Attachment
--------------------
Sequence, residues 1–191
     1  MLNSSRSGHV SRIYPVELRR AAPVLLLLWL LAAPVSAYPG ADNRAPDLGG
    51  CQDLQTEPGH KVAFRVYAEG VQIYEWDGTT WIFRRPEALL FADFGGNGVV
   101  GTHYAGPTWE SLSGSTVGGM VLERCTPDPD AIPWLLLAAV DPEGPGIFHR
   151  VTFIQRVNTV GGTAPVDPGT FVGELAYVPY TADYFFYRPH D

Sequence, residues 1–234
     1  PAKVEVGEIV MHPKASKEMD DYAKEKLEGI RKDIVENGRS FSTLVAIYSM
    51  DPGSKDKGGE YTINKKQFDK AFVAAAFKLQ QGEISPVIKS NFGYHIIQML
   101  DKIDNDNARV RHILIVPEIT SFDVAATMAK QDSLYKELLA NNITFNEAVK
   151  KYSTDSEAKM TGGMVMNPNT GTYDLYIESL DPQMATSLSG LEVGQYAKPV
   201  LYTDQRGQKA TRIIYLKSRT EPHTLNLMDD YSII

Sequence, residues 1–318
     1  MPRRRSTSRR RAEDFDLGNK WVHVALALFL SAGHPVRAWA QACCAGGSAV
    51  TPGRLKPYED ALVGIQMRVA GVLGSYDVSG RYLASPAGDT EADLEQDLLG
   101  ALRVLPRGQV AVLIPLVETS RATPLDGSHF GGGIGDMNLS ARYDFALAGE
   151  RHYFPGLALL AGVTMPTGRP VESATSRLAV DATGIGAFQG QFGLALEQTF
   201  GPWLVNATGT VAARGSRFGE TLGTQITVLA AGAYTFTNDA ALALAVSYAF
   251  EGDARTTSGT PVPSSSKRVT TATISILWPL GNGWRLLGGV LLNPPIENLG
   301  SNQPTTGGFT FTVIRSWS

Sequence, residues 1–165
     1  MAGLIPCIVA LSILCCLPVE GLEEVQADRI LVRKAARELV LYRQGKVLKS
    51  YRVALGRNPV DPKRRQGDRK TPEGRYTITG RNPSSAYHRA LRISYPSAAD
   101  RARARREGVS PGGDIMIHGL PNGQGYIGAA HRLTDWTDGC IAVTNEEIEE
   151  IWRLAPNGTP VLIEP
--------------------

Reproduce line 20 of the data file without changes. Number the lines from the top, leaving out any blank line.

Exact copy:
Sequence, residues 1–165